If you have a mental health condition such as anxiety or depression, a specific learning difficulty like dyslexia or ADHD, or long-term health conditions like diabetes and hypermobility which affects your ability to study, your university will offer support and other reasonable adjustments for you. 

But did you know there’s an additional support package available which can provide you with equipment to make studying remotely work better for you?

The Disabled Students’ Allowances (DSAs for short) provide funding and support which is individually tailored to your specific requirements.  Support available can include specialist equipment, non-medical help such as study skills and mentoring support, and travel costs for placements and study trips.

If you’re a UK student with evidence of a disability, you are likely to be eligible for the DSA – find out more with our in-depth guide.

No more working at the kitchen table

Once your funding body has approved your application for DSA, you will be asked to book a needs assessment where an assessor will listen to the challenges you experience and demonstrate software and equipment that can best support your difficulties – find out what happens in a needs assessment here. This is a great chance to say what you think will be most useful, you are the expert here!

Examples of equipment you could get include specialist ergonomic seating, a specialist keyboard and mouse, a height adjustable desk, a laptop with monitor stand and other items such as a printer, recording equipment and an external monitor. Here’s a more detailed list of what is available with this support.

A bespoke learning experience

In terms of studying itself, there are many software programmes that can offer ways of working that work for you. Your assessor will show you examples of specialist software such as text-to-speech, voice recognition and audio recording, all of which can help you fulfil your academic potential. 

All students may get access to a few sessions of study skills advice or counselling, but students with DSA funding can receive specialist one-to-one study skills and mentoring support on a weekly basis throughout their course.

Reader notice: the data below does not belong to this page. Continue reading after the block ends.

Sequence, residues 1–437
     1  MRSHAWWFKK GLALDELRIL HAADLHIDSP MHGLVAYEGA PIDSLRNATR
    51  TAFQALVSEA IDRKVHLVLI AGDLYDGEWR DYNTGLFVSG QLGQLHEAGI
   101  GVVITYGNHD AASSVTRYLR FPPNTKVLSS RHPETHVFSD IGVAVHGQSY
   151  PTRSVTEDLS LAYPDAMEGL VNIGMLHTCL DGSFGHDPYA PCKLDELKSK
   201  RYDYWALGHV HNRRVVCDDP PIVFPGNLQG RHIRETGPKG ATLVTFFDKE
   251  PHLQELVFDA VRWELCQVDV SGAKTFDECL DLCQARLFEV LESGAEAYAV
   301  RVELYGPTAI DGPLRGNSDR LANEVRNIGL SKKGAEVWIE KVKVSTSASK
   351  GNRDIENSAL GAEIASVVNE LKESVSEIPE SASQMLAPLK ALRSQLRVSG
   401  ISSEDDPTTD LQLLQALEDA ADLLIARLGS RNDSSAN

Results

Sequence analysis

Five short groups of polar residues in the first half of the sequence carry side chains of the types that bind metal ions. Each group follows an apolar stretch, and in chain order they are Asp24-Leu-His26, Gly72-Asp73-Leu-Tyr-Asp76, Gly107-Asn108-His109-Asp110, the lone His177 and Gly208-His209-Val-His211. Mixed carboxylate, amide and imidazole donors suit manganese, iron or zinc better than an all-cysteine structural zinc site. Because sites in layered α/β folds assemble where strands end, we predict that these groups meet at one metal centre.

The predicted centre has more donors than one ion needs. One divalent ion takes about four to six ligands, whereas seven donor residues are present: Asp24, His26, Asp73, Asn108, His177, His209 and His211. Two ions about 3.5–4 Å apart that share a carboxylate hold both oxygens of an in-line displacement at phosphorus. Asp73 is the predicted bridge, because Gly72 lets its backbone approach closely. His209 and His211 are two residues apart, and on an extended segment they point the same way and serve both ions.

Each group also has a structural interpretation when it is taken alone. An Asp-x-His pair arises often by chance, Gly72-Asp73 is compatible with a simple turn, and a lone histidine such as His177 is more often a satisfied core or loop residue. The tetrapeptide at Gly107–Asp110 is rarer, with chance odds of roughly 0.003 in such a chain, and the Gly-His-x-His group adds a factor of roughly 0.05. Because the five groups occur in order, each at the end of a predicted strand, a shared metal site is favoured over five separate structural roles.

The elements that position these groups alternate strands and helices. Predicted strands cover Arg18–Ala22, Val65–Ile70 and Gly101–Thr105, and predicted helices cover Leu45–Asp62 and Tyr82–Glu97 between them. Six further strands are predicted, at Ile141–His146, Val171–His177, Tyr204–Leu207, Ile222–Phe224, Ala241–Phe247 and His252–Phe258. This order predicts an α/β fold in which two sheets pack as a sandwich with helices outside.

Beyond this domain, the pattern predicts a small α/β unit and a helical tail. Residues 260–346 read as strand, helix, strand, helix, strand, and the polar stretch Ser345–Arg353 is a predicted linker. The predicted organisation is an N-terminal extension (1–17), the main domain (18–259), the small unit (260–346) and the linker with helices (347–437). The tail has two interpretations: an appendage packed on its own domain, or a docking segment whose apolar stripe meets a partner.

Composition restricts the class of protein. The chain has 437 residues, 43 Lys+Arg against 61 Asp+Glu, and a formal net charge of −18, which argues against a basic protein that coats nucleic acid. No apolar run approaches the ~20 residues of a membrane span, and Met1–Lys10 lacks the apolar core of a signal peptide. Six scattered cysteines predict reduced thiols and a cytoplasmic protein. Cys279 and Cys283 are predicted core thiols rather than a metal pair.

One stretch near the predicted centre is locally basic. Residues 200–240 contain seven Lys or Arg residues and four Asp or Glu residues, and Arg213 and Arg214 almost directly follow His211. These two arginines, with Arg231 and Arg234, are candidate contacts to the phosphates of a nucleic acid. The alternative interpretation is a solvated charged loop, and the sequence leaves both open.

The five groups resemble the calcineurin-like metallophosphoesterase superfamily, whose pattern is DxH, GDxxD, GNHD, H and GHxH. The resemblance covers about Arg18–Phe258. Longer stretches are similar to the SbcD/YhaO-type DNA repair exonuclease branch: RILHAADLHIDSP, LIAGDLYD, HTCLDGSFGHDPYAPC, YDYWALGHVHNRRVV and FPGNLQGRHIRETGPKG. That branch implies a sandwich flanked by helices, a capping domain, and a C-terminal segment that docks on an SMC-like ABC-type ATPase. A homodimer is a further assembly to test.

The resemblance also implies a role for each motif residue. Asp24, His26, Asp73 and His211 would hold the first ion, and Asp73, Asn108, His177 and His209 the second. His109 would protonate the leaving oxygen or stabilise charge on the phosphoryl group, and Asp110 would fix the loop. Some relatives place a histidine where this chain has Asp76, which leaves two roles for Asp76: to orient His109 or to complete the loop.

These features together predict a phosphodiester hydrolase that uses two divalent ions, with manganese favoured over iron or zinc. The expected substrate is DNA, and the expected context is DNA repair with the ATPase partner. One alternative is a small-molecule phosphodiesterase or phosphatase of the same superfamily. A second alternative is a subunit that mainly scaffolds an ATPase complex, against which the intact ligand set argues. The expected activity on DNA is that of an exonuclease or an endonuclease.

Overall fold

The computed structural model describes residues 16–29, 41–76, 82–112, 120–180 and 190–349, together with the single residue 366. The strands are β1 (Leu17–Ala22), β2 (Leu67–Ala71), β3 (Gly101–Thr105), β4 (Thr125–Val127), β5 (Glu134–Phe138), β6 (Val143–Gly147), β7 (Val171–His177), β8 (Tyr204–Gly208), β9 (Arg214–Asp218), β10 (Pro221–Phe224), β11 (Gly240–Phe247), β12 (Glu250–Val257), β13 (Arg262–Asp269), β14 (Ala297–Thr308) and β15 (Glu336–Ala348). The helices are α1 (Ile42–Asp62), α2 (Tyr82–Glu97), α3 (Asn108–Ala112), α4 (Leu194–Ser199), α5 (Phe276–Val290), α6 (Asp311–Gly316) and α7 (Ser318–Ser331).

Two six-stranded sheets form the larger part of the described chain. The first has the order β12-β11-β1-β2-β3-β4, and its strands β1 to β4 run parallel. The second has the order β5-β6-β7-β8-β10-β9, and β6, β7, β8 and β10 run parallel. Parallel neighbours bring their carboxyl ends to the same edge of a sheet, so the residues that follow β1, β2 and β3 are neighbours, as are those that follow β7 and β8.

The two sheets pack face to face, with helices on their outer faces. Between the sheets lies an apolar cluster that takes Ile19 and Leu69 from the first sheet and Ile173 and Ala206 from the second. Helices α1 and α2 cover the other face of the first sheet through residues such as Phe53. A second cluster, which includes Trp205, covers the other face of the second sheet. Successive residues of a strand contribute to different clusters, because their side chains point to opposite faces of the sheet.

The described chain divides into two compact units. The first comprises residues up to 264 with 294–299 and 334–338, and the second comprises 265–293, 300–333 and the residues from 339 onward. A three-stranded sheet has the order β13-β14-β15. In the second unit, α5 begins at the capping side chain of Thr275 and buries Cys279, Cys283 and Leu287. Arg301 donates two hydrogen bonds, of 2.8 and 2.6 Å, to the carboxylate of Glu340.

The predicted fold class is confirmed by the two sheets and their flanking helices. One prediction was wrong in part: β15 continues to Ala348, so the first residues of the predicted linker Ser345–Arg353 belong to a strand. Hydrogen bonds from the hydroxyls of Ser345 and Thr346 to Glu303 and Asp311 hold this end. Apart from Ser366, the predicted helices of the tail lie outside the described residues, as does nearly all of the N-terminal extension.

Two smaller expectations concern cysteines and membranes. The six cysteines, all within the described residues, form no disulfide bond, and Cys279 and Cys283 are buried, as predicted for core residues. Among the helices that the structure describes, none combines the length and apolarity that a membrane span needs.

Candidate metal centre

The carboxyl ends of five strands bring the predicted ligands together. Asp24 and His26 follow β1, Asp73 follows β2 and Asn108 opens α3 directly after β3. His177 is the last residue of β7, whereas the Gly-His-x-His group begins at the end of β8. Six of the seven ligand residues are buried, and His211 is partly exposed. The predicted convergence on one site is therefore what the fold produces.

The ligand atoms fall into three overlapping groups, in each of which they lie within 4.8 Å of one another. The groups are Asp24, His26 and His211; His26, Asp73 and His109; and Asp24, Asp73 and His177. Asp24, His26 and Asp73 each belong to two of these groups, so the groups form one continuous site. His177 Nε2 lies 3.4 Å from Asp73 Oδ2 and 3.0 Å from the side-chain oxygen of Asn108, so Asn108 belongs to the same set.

This tailored support and regular contact can be hugely beneficial for students with mental health conditions and specific learning difficulties including ADHD and/or ASD, and can aid organisation, time management and the development of learning strategies.

Find out more about all the types of non-medical help available here.

So, studying off-campus can work well for everyone, with the right support in place. 

Get the support you’re entitled to

If you have any questions about the DSA or are unsure if you are eligible, contact Ultima Education to get advice on what to do next. Call or email us today!

Free support to help students succeed

Starting a degree can feel overwhelming and even more so if you have a mental health condition, specific learning difficulty or long-term health condition which affects your ability to study.

Whether its anxiety, depression, dyslexia, ADHD or diabetes, if you’re a UK student with evidence of a disability, you are likely to be eligible for the Disabled Students’ Allowance – find out more with our in-depth guide.

The DSA provides a package of support which is individually tailored to your specific requirements such as specialist equipment, non-medical help such as study skills and mentoring support, and travel costs for placements and study trips.

Click here for a detailed list of what you can and can’t get with this funding

What’s the catch? Well, there isn’t one – Disabled Students’ Allowances do not need to be paid back, are not means tested and do not affect your general student finance application or eligibility for any other funding sources. Applying for the DSA is a fairly simple, three-step process and ensures that you’re in charge of your support rather than someone else deciding what is best for you.

Once your funding body has approved your application, you’ll need to attend a needs assessment where you get to say what you need from the funding to succeed in your studies. Here at Ultima Education, we have a team of specialist assessors with a wealth of experience and extensive knowledge in matching students with the most beneficial support to enhance their learning.

Our accredited centres offer remote assessments with evening and weekend appointments available that fit around your schedule. We’ll keep you updated and in control every step of the way and your assessor is always on hand for help and advice.

See what what other students have said about their experience

If you’ve not yet applied for DSA, it’s not too late, even if you’re embarking on your final year. Getting this support in place early means one less thing to think about as you start university and will help you reach your full academic potential. You’ll discover ways to work more effectively and independently, leaving more time to focus on your strengths and to do what you do best.

To chat about your options and to get advice and assistance with your application, call or email the Ultima Education team today.